Native SpeciesSpotted salamander

Ambystoma maculatum
FOUND by 34bBlueTeam
2015-04-13
Wells Maine
ID Confirmed
Quality checked by m4blue
Peer reviewed by m4green
Field Notes
there was a lot of wind blowing, there were peepers and birds, the vernal pool had dried up a Tad.
A sketch of our study site.
Supporting Evidence
Photo of my evidence.
This is a wide shot of the vernal pool
Photo of my evidence.
We think these are wood frog tadpoles because they are in shallow water and are small, dark and numerous.
Species Observation: Species Looked For
Did you find it?: 
I think I found it
Scientific name:
Ambystoma maculatum
Common name:
Spotted salamander
Count of individuals: 
Coverage: 
Reproduction: 
How big is it?: 
Is it male or female?: 
Sampling method: 
Just looking around
Net
Photo of our sampling method.
Place Studied
We’re sorry, JavaScript is required to view the map. If JavaScript is you may wish to upgrade to a newer browser in order to view this map.
Map this species
Latitude: 
N 43.319827 °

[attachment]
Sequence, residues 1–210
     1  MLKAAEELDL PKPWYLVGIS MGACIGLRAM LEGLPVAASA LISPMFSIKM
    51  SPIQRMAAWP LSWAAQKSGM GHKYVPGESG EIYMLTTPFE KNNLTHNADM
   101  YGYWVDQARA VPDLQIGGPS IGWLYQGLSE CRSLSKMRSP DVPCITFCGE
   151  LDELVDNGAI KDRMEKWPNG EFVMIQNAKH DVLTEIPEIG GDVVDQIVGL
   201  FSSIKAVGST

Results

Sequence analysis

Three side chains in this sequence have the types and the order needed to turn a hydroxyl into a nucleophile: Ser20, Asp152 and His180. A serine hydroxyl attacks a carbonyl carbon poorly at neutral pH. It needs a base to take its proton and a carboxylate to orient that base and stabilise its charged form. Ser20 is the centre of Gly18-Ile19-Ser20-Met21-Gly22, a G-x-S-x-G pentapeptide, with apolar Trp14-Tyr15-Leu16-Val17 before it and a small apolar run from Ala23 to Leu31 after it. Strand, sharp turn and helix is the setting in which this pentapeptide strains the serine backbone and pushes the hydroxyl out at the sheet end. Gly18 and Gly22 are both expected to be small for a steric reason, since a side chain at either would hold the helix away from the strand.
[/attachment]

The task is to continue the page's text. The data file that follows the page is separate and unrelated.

Longitude: 
W -70.594992 °
Observation Site Information
A photo of our study site.
Habitat: 
Upland - Developed areas
Trip Information
Name:
WES Vernal Pool 2015
Trip date: 
Mon, 2015-04-13 16:24
Town or city: 
Wells Maine
Type of investigation: 
Species and Habitat Survey
Ecosystem: 
Freshwater
Watershed: 
Piscataqua
MIDAS Code: 
Habitat Observations
Species diversity: 
Evidence of vectors: 
Water temperature: 
pH: 
Dissolved oxygen: 

Comments

i love the photos that your team took and the wood frog photo is so clear

who did the drawing it is great.

From the photo, it is really hard to tell whether these are Wood Frog or salamander tadpoles- they rtae shaped like salamander larvae but seem almost too dark for young salamanders - the ones we have found in the pool are a light brown in color and have small feathery "gills" or "swimmers" near the head. These look black like small wood frog tadpoles. Your sampling method photois definitely salamander eggs.

Great photos of such small salamander larvae! It is really hard to tell at this size whether they are spotted salamanders or wood frogs, but given that you found salamander eggs, and other groups have been finding much larger wood frog tadpoles, I think that your little amphibians are spotted salamanders.

So do you think that these are wood frogs or spotted salamanders? I'm confused by your second evidence statement. I think that second evidence photo looks like salamander larvae.

-Christine

I also like the picture of the egg mass

thanks!

I liked how you took the picture of the tadpoles it was really detailed

thank you for the awesome comment!!!!!!!!!!